Mortgage Rates Increase After Announcement Of Tapering Of Bond Buying Program


Freddie Mac’s Primary Mortgage Market Survey recently reported that the average rate for a 30-year fixed-mortgage was 4.48% as of the week ending December 26. The week prior, the rate was 4.47% — resulting in a 0.7% increase. One year ago during the same week, 30-year fixed-rate mortgages were about 3.35%. The 15-year fixed-rate mortgages increased in one week by 0.7% as well — from 3.51% to 3.52%. The rate increases stem from the Federal Reserve’s announcement that it is tapering its $85-billion-per-month bond-buying program, effective next month.


This was the second consecutive week that rates have climbed. The average rate for a 30-year fixed-rate with conforming loan balance ($417,000 or less) during the week ending on December 20 increased to 4.64% from 4.62% the week prior, according to the Mortgage Bankers Association (MBA). The average rate for a 30-year fixed-rate mortgage with jumbo loan balance (greater than $417,000) increased to 4.63%, up from 4.61% from the previous week as well.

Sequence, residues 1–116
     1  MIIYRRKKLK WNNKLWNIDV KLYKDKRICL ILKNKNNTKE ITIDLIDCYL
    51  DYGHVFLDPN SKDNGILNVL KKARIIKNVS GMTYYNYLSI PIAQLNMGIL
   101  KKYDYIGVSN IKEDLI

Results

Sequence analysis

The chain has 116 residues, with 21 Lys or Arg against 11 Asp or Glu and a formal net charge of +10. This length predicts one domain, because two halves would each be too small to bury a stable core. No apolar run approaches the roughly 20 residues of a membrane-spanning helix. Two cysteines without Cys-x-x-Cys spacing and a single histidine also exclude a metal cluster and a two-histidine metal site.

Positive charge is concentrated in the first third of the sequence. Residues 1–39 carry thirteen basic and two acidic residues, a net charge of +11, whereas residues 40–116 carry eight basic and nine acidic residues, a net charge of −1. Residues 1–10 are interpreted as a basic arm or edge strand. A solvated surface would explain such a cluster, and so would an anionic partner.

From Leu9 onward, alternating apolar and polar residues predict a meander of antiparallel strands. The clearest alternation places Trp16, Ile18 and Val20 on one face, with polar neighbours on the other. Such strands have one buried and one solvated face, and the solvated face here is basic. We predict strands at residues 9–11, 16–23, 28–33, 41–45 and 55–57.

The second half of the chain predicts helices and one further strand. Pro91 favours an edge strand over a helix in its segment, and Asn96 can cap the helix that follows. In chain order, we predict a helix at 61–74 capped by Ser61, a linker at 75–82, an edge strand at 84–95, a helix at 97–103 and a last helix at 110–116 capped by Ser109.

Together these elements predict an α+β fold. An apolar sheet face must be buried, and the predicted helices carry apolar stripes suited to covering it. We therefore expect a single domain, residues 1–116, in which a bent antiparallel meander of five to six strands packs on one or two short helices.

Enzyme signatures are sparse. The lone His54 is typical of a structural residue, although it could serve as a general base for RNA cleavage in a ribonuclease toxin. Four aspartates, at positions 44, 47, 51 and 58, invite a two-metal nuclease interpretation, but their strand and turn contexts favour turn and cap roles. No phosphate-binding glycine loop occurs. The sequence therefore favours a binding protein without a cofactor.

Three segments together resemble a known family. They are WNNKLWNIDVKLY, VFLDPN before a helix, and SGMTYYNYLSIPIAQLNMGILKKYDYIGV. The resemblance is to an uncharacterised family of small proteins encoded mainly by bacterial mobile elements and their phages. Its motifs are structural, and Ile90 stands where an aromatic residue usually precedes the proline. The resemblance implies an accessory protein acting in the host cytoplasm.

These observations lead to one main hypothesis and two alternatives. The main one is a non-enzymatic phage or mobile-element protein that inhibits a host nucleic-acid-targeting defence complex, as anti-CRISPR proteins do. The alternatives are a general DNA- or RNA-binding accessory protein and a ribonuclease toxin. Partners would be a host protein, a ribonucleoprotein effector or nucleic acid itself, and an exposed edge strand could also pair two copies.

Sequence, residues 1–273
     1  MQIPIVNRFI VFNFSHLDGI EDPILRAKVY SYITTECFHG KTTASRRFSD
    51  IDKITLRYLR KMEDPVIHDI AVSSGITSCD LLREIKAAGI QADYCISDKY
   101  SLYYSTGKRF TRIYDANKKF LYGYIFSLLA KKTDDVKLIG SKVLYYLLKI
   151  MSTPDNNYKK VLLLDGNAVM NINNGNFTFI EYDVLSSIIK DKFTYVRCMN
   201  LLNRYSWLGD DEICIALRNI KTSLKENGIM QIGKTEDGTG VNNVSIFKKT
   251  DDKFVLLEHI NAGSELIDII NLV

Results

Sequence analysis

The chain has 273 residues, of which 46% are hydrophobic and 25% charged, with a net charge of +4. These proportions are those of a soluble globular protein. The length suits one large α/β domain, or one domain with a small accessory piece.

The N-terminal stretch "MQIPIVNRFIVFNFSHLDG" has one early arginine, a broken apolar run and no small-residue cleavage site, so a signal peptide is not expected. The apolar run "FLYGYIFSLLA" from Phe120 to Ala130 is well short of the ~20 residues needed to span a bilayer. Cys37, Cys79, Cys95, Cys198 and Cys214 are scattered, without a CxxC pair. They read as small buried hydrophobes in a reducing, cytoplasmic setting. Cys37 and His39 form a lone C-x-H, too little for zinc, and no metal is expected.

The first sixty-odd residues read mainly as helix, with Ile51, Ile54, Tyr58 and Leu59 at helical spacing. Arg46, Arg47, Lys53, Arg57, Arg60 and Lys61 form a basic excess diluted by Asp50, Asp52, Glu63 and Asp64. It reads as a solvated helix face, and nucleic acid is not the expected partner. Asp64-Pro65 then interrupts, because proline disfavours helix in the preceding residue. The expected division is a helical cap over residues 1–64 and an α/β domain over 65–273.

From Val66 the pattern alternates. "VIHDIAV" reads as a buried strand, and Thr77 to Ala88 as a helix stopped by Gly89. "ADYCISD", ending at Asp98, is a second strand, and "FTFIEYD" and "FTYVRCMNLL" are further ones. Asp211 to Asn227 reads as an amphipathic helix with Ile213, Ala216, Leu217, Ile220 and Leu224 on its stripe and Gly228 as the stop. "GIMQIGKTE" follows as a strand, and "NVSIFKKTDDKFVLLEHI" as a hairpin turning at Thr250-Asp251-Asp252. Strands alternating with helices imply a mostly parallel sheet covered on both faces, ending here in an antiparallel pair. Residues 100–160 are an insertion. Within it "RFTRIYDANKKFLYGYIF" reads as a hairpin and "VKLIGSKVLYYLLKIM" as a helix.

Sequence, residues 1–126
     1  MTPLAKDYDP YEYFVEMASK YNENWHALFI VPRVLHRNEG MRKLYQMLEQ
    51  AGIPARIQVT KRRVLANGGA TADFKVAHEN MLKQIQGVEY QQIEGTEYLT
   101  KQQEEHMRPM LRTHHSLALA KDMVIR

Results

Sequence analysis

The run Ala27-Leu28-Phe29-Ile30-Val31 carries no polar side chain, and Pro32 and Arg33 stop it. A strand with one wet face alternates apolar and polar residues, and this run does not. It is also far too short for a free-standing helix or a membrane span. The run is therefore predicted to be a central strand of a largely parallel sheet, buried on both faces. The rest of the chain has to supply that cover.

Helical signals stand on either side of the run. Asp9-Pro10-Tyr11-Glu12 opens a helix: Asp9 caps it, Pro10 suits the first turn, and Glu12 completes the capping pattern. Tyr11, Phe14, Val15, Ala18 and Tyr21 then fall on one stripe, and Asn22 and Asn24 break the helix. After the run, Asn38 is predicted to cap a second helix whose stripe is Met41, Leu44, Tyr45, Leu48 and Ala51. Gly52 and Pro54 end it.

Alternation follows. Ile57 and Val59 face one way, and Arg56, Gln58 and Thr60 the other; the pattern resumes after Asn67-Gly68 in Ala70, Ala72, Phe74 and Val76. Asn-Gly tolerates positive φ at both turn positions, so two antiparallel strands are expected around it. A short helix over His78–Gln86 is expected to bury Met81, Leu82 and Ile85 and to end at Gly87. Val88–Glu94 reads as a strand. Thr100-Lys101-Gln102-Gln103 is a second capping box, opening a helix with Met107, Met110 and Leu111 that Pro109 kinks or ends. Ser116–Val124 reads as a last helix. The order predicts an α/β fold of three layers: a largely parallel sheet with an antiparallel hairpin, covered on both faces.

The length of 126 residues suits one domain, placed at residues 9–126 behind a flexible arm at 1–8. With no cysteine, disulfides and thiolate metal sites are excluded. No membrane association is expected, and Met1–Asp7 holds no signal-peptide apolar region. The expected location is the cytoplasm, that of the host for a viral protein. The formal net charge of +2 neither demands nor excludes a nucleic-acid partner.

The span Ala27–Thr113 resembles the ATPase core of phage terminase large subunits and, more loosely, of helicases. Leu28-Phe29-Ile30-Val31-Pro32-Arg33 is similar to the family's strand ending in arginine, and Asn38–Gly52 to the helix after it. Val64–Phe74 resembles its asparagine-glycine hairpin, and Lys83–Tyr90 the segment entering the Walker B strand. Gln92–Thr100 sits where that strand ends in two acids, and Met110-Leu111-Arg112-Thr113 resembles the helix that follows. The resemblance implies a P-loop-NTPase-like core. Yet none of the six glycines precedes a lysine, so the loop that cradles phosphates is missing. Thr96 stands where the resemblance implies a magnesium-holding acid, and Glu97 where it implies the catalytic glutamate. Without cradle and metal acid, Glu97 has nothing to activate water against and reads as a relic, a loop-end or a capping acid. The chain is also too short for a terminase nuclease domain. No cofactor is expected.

The MBA has also noted that the rate increases have resulted in the largest decline in mortgage application volume since November 2008. Overall mortgage application volume is 10% lower than the same time last year and mortgage purchase applications are almost 25% off the mark.

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